21      Taking the view, in those circumstances, that the disputes pending before it raise questions of interpretation of EU law, the Nederlandstalige rechtbank van eerste aanleg te Brussel (Dutch-language Court of First Instance, Brussels) decided to stay the proceedings and to refer the following questions to the Court of Justice for a preliminary ruling, which are couched in identical terms in Cases C‑397/17 and C‑398/17:

‘(1)      Must [CN] subheading 7307 19 10 be interpreted as including fittings of spheroidal graphite cast iron which have the characteristics of the fittings at issue in the main proceedings, if it appears from their objective characteristics that their material is essentially different from malleable cast iron because the malleability of spheroidal graphite cast iron does not result from appropriate heat treatment and because the graphite in spheroidal graphite cast iron has a different shape to the graphite in malleable cast iron, namely, that of spheroidal graphite instead of temper carbon?

(2)      Must [CN] subheading 7307 11 00 be interpreted as including fittings of spheroidal graphite cast iron which have the characteristics of the fittings at issue in the main proceedings, if the objective characteristics of spheroidal graphite cast iron show that it substantially corresponds to the objective characteristics of non-malleable cast iron?

(3)      Must the CN Explanatory Note to subheading 7307 19 10, which provides that malleable cast iron includes spheroidal graphite cast iron, be disregarded to the extent to which it provides that malleable cast iron includes spheroidal graphite cast iron, if it is established that spheroidal graphite cast iron is not malleable cast iron?’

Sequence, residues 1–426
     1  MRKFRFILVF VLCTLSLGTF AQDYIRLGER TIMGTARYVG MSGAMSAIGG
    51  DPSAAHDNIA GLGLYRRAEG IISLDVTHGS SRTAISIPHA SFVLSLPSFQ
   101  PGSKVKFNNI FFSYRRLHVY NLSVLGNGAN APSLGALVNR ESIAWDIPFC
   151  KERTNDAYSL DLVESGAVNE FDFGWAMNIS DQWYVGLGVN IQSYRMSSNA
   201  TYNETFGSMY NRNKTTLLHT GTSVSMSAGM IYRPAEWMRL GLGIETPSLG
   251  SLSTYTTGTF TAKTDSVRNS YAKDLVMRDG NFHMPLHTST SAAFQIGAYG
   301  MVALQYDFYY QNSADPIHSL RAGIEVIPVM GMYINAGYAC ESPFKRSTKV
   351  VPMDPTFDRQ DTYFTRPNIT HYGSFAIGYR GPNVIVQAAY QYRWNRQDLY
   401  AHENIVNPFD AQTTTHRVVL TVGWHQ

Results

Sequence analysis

22      By decision of the President of the Court of 20 July 2017, Cases C‑397/17 and C‑398/17 were joined for the purposes of the written and oral procedure and the judgment.

 Consideration of the questions referred

23      By its questions, which it is appropriate to examine together, the referring court asks, in essence, whether the CN must be interpreted as meaning that the cast tube or pipe fittings of spheroidal graphite cast iron should be classified under subheading 7307 11 10, as fittings of non-malleable cast iron, or under CN subheading 7307 19 10, as fittings of malleable cast iron.

24      According to the Court’s settled case-law, in the interests of legal certainty and ease of verification, the decisive criterion for the classification of goods for customs purposes is in general to be sought in their objective characteristics and properties as defined in the wording of the relevant heading of the CN and in the corresponding section or chapter notes (judgment of 26 May 2016, Invamed Group and Others, C‑198/15, EU:C:2016:362, paragraph 18 and the case-law cited).

25      Under the general rules for the interpretation of the CN, for legal purposes, the classification of goods in the subheadings of a heading is to be determined according to the terms of those subheadings and any related subheading, section or chapter notes, with the wording of section, chapter and subchapter titles being considered to be provided for ease of reference only.

26      Finally, the Explanatory Notes to the CN drawn up by the European Commission are an important aid to the interpretation of the scope of the various tariff headings but do not have legally binding force (judgment of 26 May 2016, Invamed Group and Others, C‑198/15, EU:C:2016:362, paragraph 19).

27      In the present case, CN heading 7307 covers tube or pipe fittings, of iron or steel. It comprises three categories.

28      The first, designated by the term ‘cast’, includes, as is clear from that term, cast fittings, of iron or steel.

29      It distinguishes between ‘non-malleable cast iron’, included in CN subheading 7307 11, and ‘other’ falling within CN subheading 7307 19. Being a residual category, that latter subheading therefore covers cast fittings, of iron or steel, and those of cast iron other than those of the type included in CN subheading 7307 11.

30      CN subheading 7307 19 is divided into two subheadings, subheading 7307 19 10, entitled ‘malleable cast iron’, and subheading 7307 19 90, entitled ‘other’.